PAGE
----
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Today was the first time I spoke Swedish in public (in Swedish class), and since the given topic affected me directly, I was the only one who actually spoke and didn’t read from a piece of paper: Astrid Lindgren. I never thought that I would live in this woman’s country, learn her language, try to read her books in the original, but here I am. It’s cool to learn a language with a very personal incentive.

An imaginary circle of friends

Once I read Barbara Sher‘s advice to create an imaginary circle of friends who are close in spirit, to whom you can turn mentally in case of need. I actually have Barbara Sher, Astrid Lindgren, Laurie Anderson, and a few other women there with the same values, and thinking about having them makes me want to cry, because I can always reach out to them and ask for advice, even if it’s only mentally.

The youngest of them was never real at all, but she also shares values with us: Pippi Longstocking, the girl who decided to never grow up. Freedom, independence, justice, honesty (yes, despite the rich imagination and great humor), altruism, nonconformism, and most importantly – authenticity.

A book that will make you read

As a child, I refused to eat unless Pippi was read to me, until I was told I could read by myself. It was my “Harry Potter” – the book that made me read. If I read the story about Harry eight times, then the story about Pippi, probably over a hundred times. Now it’s time for my six-year-old to be fascinated by this story, and he will be able to read it immediately in the original, although I hope that he will get to the beautiful Ukrainian translation as well.

What if kids will start behaving like Pippi?

When Pippi was published, the public was worried that children would start behaving in the same way: do what they want, be disobedient to adults, in short, enjoy life – how can children possibly enjoy life, right? And for some reason, no one worried that children would want to be kind, resourceful, independent, strong, authentic, inquisitive and change the world. Interestingly enough, the book was first not accepted by a publisher.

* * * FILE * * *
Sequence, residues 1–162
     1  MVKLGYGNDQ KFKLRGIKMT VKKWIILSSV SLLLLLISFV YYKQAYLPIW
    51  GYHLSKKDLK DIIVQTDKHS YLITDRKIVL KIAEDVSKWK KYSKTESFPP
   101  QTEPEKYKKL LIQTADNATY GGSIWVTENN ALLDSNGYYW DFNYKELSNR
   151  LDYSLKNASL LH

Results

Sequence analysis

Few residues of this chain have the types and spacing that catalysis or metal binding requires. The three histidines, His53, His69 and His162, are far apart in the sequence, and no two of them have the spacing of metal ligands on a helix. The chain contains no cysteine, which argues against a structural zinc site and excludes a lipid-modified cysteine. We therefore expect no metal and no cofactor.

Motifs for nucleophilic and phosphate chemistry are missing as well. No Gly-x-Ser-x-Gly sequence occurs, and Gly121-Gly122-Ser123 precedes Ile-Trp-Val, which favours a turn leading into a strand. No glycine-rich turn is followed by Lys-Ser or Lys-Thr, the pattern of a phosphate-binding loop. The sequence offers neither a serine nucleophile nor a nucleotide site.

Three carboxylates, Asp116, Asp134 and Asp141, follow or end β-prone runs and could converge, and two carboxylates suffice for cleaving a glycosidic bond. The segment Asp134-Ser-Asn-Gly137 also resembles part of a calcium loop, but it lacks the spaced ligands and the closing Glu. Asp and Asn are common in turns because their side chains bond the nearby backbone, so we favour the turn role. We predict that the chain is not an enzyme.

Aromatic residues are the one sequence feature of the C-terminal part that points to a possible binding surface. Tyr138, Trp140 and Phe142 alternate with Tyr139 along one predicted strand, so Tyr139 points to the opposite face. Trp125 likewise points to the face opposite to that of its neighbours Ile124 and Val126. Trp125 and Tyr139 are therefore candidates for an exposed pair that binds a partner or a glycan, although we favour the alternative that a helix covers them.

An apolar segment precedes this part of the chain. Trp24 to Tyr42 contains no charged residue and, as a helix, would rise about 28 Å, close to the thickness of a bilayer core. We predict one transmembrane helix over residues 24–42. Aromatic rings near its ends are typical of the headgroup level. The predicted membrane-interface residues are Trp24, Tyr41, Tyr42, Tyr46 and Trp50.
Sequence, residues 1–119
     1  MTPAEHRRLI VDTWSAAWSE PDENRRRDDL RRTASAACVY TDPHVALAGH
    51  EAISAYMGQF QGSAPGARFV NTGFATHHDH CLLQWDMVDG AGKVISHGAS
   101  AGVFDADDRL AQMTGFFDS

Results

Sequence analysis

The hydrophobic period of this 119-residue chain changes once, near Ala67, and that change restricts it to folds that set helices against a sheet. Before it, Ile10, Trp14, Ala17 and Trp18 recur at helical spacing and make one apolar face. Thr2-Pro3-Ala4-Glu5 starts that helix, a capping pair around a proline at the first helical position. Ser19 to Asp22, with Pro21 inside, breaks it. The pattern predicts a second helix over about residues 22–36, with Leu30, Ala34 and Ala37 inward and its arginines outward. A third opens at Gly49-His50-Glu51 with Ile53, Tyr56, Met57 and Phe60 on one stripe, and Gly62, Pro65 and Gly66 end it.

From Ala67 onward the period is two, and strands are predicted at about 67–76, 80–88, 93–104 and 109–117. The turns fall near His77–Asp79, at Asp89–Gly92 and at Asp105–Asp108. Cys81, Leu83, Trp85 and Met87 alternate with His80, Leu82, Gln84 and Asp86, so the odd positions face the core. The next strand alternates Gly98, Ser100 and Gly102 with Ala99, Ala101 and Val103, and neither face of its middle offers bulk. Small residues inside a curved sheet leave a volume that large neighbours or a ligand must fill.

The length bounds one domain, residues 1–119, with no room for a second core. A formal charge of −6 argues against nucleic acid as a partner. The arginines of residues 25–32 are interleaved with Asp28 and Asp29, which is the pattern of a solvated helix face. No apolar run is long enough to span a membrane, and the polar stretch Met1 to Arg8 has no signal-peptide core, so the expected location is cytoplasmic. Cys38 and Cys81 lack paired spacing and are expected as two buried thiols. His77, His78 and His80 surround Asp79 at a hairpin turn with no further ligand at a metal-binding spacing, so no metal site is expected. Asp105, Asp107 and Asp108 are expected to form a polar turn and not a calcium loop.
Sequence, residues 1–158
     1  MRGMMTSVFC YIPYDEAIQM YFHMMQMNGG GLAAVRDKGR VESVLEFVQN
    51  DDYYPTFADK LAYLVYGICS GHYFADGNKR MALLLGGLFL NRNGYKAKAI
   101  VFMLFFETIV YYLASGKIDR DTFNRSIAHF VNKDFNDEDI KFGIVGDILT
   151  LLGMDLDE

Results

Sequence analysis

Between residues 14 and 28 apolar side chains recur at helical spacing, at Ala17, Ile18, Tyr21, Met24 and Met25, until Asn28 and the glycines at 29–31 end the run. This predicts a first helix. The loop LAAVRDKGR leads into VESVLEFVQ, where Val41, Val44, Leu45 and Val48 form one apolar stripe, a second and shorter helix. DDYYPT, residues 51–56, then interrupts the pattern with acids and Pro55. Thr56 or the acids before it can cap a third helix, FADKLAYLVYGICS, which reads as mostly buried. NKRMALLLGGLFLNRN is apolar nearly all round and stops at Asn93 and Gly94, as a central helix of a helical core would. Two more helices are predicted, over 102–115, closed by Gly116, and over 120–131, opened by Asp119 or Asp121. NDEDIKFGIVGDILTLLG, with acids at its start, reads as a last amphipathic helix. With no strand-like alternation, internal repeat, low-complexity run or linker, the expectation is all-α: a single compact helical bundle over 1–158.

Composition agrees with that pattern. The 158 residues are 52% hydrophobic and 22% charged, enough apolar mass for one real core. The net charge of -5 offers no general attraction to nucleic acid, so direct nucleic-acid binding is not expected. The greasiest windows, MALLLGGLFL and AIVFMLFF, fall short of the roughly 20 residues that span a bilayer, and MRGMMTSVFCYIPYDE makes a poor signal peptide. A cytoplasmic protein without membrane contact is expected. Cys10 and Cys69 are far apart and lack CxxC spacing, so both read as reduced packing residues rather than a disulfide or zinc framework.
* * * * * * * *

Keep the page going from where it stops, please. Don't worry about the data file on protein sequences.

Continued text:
Yesterday I told my son to brush his teeth before going to bed, and he said that he wanted to be like Pippi, and Pippi, you see, does what she wants, so he won’t do it. Did you see her teeth? – I asked my son. She has perfectly healthy teeth because Pippi takes very good care of herself and doesn’t want bacteria to eat her teeth at all. And my son ran to brush his teeth)

What makes Astrid Lindgren herself?

Astrid Lindgren had a happy childhood, and when she grew up she noticed that this had happened not to everyone. For many, something went wrong. Otherwise, why do people beat their children, work at jobs they hate, abuse animals? Why can’t you say out loud everything you think?
At the age of 19, Astrid became pregnant out of wedlock by her much older boss, which was a shock to Swedish society at the time and caused a scandal, as a result of which she had to move out of town. The social service took her son away from her, not anywhere, but all the way to Denmark *the sound of a broken heart is heard*. A year later, Astrid was able to take her son back. No wonder there is so much pain in her books. By the way, Astrid did get married later, to another boss)

Do not hit the child

Thanks to Astrid, Sweden became the first country in the world to adopt a law prohibiting violence against children (1979). She also fought for the protection of animals and freedom of speech. And she lived an incredibly long and full life (94 years). How incredibly cool it is to be able to influence the world so much that the entire royal family comes to your funeral, and some fourteen-year-old girl from Ukraine cried for you as if you had known and loved each other entire life, considering your book as her personal Bible.

By the way, the Swedes “threw out of the song” the words that Pippi’s father was a negro king. But Pippi and I know, and we don’t look for a bug where there isn’t one, instead we tell – what actually caused a bug and what is it about a white person who rules over black people, and why some people don’t like being called “black” (in the book , by the way, he was elected democratically, and Astrid herself was a bright social democrat – what Sweden is officially today).

Read also:

The history of upbringing

Seven pediatricians on a child’s side

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